DVIDS – News – LRMC begins COVID-19 vaccinations for children aged 5 to 11

LANDSTUHL, Germany – The Landstuhl Regional Medical Center, America’s largest overseas hospital, has started COVID-19 vaccination for children ages 5-11, becoming one of the first treatment facilities military abroad to vaccinate this patient population on November 18.

COVID-19 vaccinations for children aged 5 to 11 began in the United States on November 3, following the arrival of vaccines at military installations in Europe, eligible American citizens abroad are now seen widely offer the possibility of vaccinating their 5 to 11 year olds. years with the COVID-19 vaccine at different facilities across Europe.

“We are delighted to extend protection against COVID-19 to this population,” said U.S. Army Col. Andrew Landers, commanding officer of the hospital. “Today marks a critical step towards defending the health and well-being of joint combatants, their families, civilians (of the Ministry of Defense) abroad and the protection of communities in our host country. here in Germany too. “

Following the announcement of the events of the pediatric COVID-19 vaccine at LRMC, appointments have almost reached capacity, but hospital officials plan to continue offering the vaccine to parents of children who want it. Further vaccination events are expected to be announced as demand continues.

“Today is a great day for Europe and the children of our community,” said US Army Col. Sean Dooley, pulmonary intensive care physician at LRMC. “This is a particularly important day for (our military community) as we have had several epidemics (COVID-19) in our schools, which can affect adult populations.”

According to the Food and Drug Administration, the Pfizer-BioNTech COVID-19 vaccine for children 5 to 11 years old is given as a primary series in two doses, 3 weeks apart, but at a lower dose (10 micrograms) than that used. for people 12 years of age and older (30 micrograms).

For Yetta Lewis, military wife and mother of two, the pediatric vaccine offers her and her seven-year-old son Victor a sigh of relief as they bring the family closer to the full immunization.

“We feel very fortunate that he is available for him,” said Lewis. “I think vaccination saves lives, it prevents the spread of the virus. “

While Lewis and his family are excited to travel across Europe with limited restrictions, once fully immunized, they also look forward to spending time with friends and family at home.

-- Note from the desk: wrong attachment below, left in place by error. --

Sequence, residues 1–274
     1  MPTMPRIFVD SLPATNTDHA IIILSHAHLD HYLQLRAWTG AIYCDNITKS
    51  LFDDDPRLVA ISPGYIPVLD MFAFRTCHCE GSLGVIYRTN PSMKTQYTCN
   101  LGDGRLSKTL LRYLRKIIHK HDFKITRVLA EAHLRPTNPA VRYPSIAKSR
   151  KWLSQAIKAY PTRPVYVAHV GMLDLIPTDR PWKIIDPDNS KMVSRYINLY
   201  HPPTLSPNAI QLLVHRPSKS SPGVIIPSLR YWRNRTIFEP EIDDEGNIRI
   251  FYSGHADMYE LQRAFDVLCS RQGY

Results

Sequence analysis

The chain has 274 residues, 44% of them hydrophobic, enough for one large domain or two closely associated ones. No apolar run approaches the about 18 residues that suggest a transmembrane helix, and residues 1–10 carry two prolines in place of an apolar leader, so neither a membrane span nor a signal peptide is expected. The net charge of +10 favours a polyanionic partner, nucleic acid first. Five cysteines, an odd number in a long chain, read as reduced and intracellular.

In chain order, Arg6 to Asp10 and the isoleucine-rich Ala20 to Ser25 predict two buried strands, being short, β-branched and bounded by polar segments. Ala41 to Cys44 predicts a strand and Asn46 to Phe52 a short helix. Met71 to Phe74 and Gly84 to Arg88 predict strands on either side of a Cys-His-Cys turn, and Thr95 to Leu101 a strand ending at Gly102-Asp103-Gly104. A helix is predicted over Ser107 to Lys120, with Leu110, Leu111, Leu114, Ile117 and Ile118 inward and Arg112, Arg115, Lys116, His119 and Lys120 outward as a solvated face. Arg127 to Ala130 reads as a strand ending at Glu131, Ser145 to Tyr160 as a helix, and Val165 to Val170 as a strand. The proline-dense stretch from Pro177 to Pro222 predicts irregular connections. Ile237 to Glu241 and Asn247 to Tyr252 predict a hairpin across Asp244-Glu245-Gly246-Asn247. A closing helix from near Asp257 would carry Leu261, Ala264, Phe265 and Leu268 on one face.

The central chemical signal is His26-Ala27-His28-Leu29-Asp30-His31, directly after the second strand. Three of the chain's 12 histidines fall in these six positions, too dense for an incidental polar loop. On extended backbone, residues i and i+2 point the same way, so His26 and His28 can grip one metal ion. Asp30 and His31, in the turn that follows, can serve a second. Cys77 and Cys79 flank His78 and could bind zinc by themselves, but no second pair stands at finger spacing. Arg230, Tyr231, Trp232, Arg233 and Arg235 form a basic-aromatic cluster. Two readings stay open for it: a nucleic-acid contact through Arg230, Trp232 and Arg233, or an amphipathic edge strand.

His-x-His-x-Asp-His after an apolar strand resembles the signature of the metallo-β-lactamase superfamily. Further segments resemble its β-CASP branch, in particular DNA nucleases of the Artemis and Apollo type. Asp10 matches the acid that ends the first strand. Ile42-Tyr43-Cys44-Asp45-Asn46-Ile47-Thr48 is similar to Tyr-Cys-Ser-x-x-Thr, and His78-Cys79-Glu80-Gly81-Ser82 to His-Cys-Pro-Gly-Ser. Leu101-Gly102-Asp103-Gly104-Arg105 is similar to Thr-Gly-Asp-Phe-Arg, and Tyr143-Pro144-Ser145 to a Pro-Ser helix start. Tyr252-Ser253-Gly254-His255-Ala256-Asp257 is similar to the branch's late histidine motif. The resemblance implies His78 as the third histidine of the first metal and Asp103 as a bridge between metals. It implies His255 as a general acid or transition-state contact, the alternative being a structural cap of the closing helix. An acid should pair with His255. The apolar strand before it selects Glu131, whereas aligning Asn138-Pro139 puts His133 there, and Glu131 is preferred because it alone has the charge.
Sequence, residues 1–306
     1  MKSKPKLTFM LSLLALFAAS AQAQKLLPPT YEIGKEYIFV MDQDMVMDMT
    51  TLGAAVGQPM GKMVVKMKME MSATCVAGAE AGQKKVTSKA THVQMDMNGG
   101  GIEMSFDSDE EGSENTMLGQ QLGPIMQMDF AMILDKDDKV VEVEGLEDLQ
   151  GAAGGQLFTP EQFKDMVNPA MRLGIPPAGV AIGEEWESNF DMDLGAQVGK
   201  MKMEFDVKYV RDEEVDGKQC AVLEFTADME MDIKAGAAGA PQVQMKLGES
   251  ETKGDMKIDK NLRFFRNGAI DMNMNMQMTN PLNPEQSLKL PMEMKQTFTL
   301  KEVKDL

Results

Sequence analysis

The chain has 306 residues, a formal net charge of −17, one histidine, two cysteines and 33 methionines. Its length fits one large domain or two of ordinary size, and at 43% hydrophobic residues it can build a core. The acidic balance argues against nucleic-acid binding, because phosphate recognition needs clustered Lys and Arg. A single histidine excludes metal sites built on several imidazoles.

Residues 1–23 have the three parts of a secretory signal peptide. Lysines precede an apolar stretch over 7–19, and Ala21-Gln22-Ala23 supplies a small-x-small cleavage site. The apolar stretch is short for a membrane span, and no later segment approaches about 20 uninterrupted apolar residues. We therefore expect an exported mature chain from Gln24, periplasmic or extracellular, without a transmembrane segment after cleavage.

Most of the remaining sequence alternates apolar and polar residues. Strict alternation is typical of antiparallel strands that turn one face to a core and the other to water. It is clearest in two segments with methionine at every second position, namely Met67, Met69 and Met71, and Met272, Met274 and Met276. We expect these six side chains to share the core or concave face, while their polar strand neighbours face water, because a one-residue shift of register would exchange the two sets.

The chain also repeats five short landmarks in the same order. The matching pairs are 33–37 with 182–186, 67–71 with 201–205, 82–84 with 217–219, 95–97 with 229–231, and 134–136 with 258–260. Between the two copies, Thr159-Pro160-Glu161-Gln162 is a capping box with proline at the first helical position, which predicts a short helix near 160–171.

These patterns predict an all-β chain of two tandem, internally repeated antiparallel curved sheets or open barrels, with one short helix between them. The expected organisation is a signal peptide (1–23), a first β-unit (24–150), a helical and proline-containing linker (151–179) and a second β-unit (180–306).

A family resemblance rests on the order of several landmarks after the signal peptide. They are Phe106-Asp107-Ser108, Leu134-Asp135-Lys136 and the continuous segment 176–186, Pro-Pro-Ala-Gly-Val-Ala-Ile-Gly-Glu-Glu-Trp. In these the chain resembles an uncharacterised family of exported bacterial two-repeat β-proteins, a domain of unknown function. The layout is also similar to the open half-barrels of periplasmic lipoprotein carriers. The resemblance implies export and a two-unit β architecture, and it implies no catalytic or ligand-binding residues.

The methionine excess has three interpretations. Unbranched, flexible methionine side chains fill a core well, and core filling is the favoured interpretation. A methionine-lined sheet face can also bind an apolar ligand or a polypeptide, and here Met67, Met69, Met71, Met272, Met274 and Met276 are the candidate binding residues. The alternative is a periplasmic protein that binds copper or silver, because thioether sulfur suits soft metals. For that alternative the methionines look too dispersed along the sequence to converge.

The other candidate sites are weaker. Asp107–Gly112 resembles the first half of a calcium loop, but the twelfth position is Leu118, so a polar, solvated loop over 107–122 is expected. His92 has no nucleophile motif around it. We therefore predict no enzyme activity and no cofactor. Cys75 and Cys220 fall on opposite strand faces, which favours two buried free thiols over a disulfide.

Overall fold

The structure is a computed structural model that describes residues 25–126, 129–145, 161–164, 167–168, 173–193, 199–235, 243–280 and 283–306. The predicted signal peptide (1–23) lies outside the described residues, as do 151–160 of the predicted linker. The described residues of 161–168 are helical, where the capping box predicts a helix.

“We want to spend time with our family members, especially their grandparents,” Lewis said. “They miss their grandchildren and it’s time to get Thanksgiving and Christmas together. “

“I got the vaccine to be with my friends,” added Victor, one of the first children to receive the initial dose of the vaccine at LRMC.
Although no vaccine protects 100%, vaccinations against COVID-19 have been shown to be effective in preventing COVID-19 and becoming ill or seriously ill from the disease, according to the CDC. What’s more, new studies show that when COVID-19 is contracted in vaccinated people, they are likely to be less contagious than unvaccinated people, thereby reducing the spread of the disease overall.

“We would expect this to be the case in the pediatric population as well, the greater the percentage of the total population, adults and children, that are vaccinated against this virus, the more it may help slow the spread,” Dooley said. “I have seen a lot of heartache, I have seen this disease tear families apart and prematurely remove fathers and sons, mothers and daughters from their loved ones. Seeing this happening in the intensive care unit and feeling helpless for the first time in almost 20 years of intensive care medicine motivates me to be here.

Additionally, Dooley notes that the potential for the spread of COVID-19 is higher in young children due to the close contact required for direct care.

To ensure the safety and comfort of pediatric patients, LRMC staff have undergone additional training to familiarize non-pediatric staff with the best vaccination practices for this specific population. Healthcare professionals assigned to the hospital’s pediatric clinic have also stepped up vaccination efforts to further increase patient safety. LRMC staff were joined by medical professionals from the 86th Medical Group, 86th Airlift Wing, Ramstein Air Base, Germany.

LRMC is expected to hold more immunization clinics in November and December, offering the immunization to all eligible children in the larger U.S. military community outside of the United States.

The Landstuhl Regional Medical Center, Germany, is the only advanced medical center for U.S. and coalition forces, State Department personnel, and returnee U.S. citizens. LRMC is the largest US hospital outside of the United States where it serves as the sole military medical center for more than 205,000 beneficiaries across Europe, the Middle East and Africa. The jointly staffed hospital offers more than 52 medical specialties and is the only American College of Surgeons verified Level II trauma center outside of the United States.

Date taken: 19.11.2021
Date posted: 19.11.2021 10:42
Story ID: 409687
Site: LANDSTUHL, RP, DE

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